Brailsford hails 'brilliant' Trott
Sir Dave Brailsford has heaped praise on Laura Trott after the double Olympic champion claimed two gold medals at the Manchester Track World Cup as Great Britain's dominance of the velodrome showed few signs of weakness.
A second-day surge saw the 21-year-old from Cheshunt win the women's omnium on Sunday's final day of the World Cup, with a gutsy display in a scratch race which is far from her forte propelling her to victory.
"I thought Laura's ride in the omnium was brilliant," said British Cycling performance director Brailsford.
"To be pegged back in sixth at one point - which is new territory for her, let's face it - and for her to be on the back foot, come out fighting and turn it round, that's impressive."
Brailsford was also impressed by the display of Trott, Dani King and Joanna Rowsell in winning the women's team pursuit, which now takes place over four-kilometres, in a world record on Friday's opening day.
The British quartet's time of four minutes 19.604 seconds was seven seconds quicker than the world record entering the weekend and three seconds better than the time the coaches expected the team to set.
"The women's team pursuit was phenomenal," Brailsford added.
"From a performance point of view, that was excellent."
Brailsford believes Britain's performance at the first World Cup since team talisman Sir Chris Hoy confirmed his retirement bodes well for the future.
Britain plan to send a full-strength squad to next month's World Cup in Mexico as preparations gather pace for February's Track Cycling World Championships in Cali, Colombia and the 2016 Rio de Janeiro Olympics.
"Overall I think the team's in a really good place," Brailsford added.
"The average age of the team's dropped quite significantly. We've got a lot of young riders who are very keen, gaining experience all the time.
"We need to get quite a lot of racing in before Rio to get that experience up. Overall, it's been a terrific few days."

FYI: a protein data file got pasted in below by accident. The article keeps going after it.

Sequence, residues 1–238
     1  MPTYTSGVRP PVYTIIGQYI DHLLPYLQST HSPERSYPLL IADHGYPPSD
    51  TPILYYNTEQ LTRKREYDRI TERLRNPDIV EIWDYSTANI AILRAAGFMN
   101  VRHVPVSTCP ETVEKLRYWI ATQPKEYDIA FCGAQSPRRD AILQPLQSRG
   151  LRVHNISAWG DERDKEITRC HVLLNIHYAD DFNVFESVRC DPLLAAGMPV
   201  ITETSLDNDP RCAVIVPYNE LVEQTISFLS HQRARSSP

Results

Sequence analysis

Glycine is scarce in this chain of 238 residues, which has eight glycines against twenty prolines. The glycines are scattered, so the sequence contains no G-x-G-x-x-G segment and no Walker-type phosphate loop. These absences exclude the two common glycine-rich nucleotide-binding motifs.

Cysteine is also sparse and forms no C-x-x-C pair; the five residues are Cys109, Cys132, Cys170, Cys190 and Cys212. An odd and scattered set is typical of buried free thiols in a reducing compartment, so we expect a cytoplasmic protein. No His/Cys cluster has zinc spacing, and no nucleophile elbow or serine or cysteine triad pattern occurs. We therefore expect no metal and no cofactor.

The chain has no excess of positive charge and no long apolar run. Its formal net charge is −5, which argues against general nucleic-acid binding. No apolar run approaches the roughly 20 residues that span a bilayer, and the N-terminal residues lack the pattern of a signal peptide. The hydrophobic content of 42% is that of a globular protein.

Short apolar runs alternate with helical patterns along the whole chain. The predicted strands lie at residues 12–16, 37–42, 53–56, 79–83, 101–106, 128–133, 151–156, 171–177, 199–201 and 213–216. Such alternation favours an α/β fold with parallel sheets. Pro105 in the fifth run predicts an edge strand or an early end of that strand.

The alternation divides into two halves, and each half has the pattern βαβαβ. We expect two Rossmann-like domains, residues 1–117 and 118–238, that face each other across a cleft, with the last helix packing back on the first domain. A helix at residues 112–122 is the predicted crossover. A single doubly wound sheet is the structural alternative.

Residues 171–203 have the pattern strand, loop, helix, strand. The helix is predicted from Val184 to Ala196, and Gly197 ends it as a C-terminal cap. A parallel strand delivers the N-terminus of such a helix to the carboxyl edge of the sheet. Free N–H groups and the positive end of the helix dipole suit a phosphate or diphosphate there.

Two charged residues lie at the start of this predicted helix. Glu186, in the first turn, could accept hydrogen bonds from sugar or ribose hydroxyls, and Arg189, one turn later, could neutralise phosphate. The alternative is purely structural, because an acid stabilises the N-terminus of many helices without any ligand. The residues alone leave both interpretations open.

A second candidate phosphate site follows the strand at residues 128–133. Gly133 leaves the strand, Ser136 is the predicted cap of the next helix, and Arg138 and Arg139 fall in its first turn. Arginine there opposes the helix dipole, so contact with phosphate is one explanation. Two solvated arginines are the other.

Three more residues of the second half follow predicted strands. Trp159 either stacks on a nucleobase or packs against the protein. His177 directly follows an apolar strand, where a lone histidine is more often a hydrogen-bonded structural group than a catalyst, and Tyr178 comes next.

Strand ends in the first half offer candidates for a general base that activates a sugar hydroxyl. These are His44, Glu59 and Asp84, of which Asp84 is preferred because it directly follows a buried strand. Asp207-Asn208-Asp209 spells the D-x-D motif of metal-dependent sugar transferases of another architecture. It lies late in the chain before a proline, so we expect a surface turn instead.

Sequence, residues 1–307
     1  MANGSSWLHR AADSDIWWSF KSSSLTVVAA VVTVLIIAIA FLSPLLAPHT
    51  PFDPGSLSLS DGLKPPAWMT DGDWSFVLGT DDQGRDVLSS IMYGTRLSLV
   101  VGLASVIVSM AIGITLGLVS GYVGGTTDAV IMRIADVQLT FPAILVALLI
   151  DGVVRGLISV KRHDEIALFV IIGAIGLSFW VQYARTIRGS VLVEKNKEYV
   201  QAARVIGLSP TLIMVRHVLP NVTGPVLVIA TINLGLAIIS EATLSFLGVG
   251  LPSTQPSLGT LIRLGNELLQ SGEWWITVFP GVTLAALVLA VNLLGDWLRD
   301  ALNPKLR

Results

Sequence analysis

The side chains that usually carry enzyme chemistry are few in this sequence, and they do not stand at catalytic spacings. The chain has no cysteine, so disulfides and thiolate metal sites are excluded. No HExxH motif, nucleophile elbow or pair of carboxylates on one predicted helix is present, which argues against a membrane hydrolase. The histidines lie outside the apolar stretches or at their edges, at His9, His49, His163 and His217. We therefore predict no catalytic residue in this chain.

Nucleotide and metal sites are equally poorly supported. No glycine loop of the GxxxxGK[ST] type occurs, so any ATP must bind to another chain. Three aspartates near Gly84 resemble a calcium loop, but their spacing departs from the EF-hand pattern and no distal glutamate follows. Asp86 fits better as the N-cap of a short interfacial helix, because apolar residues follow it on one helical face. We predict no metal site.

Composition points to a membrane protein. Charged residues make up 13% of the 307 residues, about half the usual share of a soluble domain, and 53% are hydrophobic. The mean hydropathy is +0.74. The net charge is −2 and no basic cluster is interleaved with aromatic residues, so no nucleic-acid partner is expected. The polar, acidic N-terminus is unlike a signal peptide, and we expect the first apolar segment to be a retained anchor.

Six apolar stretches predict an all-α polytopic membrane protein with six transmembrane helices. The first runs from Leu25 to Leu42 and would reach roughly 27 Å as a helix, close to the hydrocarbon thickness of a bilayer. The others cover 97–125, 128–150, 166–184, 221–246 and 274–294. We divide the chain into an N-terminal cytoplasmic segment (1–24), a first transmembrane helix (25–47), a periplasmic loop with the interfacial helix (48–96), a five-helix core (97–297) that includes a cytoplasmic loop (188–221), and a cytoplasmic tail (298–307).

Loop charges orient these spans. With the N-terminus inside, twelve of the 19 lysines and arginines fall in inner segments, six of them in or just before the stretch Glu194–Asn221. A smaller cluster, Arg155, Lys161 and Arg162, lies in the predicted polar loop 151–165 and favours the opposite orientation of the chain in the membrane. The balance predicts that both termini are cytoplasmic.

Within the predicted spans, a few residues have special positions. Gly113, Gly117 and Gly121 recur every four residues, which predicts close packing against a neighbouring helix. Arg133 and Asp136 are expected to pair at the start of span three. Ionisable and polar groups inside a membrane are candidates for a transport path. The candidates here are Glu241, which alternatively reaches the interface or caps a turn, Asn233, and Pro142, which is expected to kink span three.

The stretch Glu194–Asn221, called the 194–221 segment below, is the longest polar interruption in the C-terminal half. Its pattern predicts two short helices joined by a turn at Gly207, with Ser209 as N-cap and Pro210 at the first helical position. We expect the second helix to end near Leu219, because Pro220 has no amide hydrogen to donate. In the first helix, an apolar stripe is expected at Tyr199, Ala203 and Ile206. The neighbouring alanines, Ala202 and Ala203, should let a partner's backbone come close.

The Aguascalientes event offers a chance to tinker.
"We want to score more points, but equally it could be an opportunity to change some of the line-ups, change a few things, experiment a little bit," Brailsford added.
Britain finished in the unfamiliar position of second in the medal table after Germany won five golds to the hosts' four.
But with eight medals won in all, Britain led the World Cup standings.
Brailsford paid tribute to the raucous paritsan crowd at the National Cycling Centre and to his staff for helping the riders perform on home territory.
"We'd have liked to have topped the table, but we're in a build phase and it's more about the performance than it is about the absolute results at the minute," Brailsford said.
"I think we can be very happy with where we're at. It's been terrific.
"The team has put in a great performance, the crowd has been fantastic as always.
"It's always a pleasure to race in Britain now, because we just get so much support and it's not to be underestimated.
"It adds a bit of pressure but it's a pleasure as well. All the riders, all the staff, benefit from that and it keeps the appetite going.
"Across the board, the way the backroom staff have maintained their professionalism, their work ethic's great, the way they go about their business is great. It's a well-oiled machine.
"The coaches deserve a lot of credit. Iain Dyer, Jan van Eijden, Paul Manning and Chris Newton. They've been around a long time now, doing a fabulous job and probably don't get the credit that they deserve."
Brailsford also praised Shane Sutton, his right-hand man who leads the track team.
Brailsford added: "We've been together for over 10 years working together and he's still the best in the business in my opinion. He deserves a lot of credit."